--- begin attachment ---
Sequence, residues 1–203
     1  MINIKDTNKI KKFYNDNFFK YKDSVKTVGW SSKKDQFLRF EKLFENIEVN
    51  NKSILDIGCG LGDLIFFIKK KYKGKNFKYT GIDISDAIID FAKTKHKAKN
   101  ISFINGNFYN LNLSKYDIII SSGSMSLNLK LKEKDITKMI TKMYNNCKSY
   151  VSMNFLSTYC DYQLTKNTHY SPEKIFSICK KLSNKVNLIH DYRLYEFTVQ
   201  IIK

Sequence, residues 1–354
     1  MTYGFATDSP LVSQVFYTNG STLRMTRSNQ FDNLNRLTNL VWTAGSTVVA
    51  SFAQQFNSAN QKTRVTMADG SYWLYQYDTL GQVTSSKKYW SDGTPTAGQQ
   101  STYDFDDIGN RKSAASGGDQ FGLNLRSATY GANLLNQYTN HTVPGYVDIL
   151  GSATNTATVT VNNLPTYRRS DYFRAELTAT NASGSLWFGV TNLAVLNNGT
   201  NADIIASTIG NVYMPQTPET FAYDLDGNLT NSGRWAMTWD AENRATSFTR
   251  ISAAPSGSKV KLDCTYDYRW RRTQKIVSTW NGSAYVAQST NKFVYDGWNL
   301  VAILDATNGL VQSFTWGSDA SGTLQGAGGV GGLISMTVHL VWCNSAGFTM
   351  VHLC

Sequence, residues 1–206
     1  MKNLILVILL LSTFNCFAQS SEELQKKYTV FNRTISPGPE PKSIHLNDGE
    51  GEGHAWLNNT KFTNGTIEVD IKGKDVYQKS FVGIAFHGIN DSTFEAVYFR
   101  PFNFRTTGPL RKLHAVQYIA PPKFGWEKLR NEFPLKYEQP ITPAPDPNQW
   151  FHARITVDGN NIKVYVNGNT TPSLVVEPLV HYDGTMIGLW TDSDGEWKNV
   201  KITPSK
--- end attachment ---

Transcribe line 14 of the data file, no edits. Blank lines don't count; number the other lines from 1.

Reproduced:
   301  VAILDATNGL VQSFTWGSDA SGTLQGAGGV GGLISMTVHL VWCNSAGFTM